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  • Public Distribution System – Agriculture Notes – For W.B.C.S. Examination.
    Posted on February 28th, 2020 in Agriculture
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    Public Distribution System – Agriculture Notes – For W.B.C.S. Examination.

    পাবলিক ডিস্ট্রিবিউশন সিস্টেম – কৃষি নোট – WBCS পরীক্ষা।

    Agriculture as an optional subject is useful from numerous points of view. A decent hold over the subject helps you massively in taking care of the geography, economics, social issues in General Studies as the learning comes conveniently. Indeed, even essay paper, there is absolutely no less than one subject from Agriculture. Any W.B.C.S. aspirants who have scholarly foundation in Agriculture, Life Sciences, Botany, and other related fields can choose this subject as their optional. Paper I of agriculture is generic in nature where Paper- II is technical. Candidates with no prior knowledge of agriculture or Biology should not opt this subject as their optional for W.B.C.S. Mains Exam.Continue Reading Public Distribution System – Agriculture Notes – For W.B.C.S. Examination.

    • The Public distribution system (PDS) is an Indian food Security System established under the Ministry of Consumer Affairs, Food, and Public Distribution.
    • PDS evolved as a system of management of scarcity through distribution of food grains at affordable prices.
    • PDS is operated under the joint responsibility of the Central and the State Governments.
      • The Central Government, through Food Corporation of India (FCI), has assumed the responsibility for procurement, storage, transportation and bulk allocation of food grains to the State Governments.
      • The operational responsibilities including allocation within the State, identification of eligible families, issue of Ration Cards and supervision of the functioning of Fair Price Shops (FPSs) etc., rest with the State Governments.
    • Under the PDS, presently the commodities namely wheat, rice, sugar and kerosene are being allocated to the States/UTs for distribution. Some States/UTs also distribute additional items of mass consumption through the PDS outlets such as pulses, edible oils, iodized salt, spices, etc.

    Evolution of PDS in India

    • PDS was introduced around World War II as a war-time rationing measure. Before the 1960s, distribution through PDS was generally dependant on imports of food grains.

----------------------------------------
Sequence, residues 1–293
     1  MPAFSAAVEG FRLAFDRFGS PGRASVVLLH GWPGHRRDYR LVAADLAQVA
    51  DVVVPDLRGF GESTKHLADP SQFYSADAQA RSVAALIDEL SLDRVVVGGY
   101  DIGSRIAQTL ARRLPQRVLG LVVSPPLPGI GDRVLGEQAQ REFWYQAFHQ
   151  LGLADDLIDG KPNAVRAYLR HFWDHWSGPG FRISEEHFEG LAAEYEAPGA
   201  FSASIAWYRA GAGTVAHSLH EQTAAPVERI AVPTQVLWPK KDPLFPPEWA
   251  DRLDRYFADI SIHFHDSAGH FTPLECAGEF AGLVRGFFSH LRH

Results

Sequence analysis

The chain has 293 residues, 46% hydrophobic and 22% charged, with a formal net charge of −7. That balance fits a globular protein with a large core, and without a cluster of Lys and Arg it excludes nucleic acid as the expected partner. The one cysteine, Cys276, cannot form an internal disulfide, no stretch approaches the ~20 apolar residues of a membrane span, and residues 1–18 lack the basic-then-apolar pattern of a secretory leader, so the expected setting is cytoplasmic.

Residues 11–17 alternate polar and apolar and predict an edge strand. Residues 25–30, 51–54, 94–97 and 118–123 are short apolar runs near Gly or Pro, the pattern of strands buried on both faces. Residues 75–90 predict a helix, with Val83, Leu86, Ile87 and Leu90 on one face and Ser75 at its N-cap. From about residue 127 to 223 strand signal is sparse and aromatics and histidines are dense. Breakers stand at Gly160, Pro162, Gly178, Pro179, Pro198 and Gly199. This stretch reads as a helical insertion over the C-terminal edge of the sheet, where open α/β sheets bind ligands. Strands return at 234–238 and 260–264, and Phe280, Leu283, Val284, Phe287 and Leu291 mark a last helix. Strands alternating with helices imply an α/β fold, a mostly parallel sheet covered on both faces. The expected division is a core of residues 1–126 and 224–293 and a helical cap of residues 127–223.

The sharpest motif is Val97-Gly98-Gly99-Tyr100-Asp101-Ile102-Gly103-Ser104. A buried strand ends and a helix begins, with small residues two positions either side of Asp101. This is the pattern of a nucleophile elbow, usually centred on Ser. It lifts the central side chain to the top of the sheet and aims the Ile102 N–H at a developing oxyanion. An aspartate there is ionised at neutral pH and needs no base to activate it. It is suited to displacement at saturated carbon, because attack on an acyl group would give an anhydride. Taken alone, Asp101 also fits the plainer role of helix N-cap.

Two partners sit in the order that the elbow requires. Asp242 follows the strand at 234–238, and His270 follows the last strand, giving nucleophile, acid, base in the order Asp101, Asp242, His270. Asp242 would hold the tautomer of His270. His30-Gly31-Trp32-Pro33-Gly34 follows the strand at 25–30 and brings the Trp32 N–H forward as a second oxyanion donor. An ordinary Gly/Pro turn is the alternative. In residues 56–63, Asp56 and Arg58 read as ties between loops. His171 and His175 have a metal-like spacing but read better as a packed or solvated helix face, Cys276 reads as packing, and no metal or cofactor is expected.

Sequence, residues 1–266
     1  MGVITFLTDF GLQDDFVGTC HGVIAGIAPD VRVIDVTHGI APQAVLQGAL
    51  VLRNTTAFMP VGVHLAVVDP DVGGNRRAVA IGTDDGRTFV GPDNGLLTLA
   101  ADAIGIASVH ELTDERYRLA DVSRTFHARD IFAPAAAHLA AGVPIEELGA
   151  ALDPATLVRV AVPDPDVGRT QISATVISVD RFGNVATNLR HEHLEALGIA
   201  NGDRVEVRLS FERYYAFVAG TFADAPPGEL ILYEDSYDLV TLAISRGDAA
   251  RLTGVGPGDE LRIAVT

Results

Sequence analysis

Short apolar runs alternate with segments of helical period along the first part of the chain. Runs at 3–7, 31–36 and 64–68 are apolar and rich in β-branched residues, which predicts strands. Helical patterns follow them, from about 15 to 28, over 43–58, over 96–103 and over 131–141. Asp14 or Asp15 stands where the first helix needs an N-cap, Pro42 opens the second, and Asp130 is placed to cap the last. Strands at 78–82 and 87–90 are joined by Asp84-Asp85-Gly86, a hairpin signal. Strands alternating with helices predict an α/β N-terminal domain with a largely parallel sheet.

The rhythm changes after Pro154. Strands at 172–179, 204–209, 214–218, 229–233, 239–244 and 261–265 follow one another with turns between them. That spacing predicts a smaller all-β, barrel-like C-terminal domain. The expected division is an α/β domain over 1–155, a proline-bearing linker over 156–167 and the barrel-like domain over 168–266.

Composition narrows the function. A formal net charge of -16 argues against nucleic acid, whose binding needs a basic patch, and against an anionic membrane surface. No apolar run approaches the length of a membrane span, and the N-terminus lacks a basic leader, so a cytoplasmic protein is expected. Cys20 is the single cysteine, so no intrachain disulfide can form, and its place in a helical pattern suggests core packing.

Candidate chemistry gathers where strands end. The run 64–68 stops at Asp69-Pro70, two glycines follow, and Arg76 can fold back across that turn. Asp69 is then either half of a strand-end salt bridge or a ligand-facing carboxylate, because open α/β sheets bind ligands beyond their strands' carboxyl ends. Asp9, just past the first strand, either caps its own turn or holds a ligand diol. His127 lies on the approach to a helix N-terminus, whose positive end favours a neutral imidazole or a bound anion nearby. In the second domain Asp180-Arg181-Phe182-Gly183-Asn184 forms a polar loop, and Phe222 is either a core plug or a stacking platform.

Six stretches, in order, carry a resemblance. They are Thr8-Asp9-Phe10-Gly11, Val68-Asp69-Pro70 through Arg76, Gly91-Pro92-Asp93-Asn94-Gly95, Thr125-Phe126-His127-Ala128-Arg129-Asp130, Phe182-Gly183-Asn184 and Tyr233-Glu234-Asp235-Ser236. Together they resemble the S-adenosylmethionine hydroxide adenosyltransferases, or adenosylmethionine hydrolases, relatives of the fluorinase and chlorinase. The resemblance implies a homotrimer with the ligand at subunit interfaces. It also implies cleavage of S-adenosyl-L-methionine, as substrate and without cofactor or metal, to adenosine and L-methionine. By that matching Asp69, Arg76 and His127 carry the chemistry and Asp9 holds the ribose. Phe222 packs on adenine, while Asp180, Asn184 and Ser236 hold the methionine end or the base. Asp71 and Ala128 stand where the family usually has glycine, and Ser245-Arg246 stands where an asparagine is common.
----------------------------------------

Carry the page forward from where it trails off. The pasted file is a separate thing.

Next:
• It was expanded in the 1960s as a response to the food shortages of the time; subsequently, the government set up the Agriculture Prices Commission and the FCI to improve domestic procurement and storage of food grains for PDS.
    • By the 1970s, PDS had evolved into a universal scheme for the distribution of subsidised food
    • Till 1992, PDS was a general entitlement scheme for all consumers without any specific target.
    • The Revamped Public Distribution System (RPDS) was launched in June, 1992 with a view to strengthen and streamline the PDS as well as to improve its reach in the far-flung, hilly, remote and inaccessible areas where a substantial section of the underprivileged classes lives.
    • In June, 1997, the Government of India launched the Targeted Public Distribution System (TPDS) with a focus on the poor.
      • Under TPDS, beneficiaries were divided into two categories: Households below the poverty line or BPL; and Households above the poverty line or APL.
    • Antyodaya Anna Yojana (AAY): AAY was a step in the direction of making TPDS aim at reducing hunger among the poorest segments of the BPL population.
      • A National Sample Survey exercise pointed towards the fact that about 5% of the total population in the country sleeps without two square meals a day. In order to make TPDS more focused and targeted towards this category of population, the “Antyodaya Anna Yojana” (AAY) was launched in December, 2000 for one crore poorest of the poor families.
    • In September 2013, Parliament enacted the National Food Security Act, 2013. The Act relies largely on the existing TPDS to deliver food grains as legal entitlements to poor households. This marks a shift by making the right to food a justiciable right.

    How PDS system functions?

    • The Central and State Governments share responsibilities in order to provide food grains to the identified beneficiaries.
    • The centre procures food grains from farmers at a minimum support price (MSP) and sells it to states at central issue prices. It is responsible for transporting the grains to godowns in each state.
    • States bear the responsibility of transporting food grains from these godowns to each fair price shop (ration shop), where the beneficiary buys the food grains at the lower central issue price. Many states further subsidise the price of food grains before selling it to beneficiaries.To view Agricultire Syllabus , CLICK HERE.
    • The Public distribution system (PDS) is an Indian food Security System established under the Ministry of Consumer Affairs, Food, and Public Distribution.
    • PDS evolved as a system of management of scarcity through distribution of food grains at affordable prices.
    • PDS is operated under the joint responsibility of the Central and the State Governments.
      • The Central Government, through Food Corporation of India (FCI), has assumed the responsibility for procurement, storage, transportation and bulk allocation of food grains to the State Governments.
      • The operational responsibilities including allocation within the State, identification of eligible families, issue of Ration Cards and supervision of the functioning of Fair Price Shops (FPSs) etc., rest with the State Governments.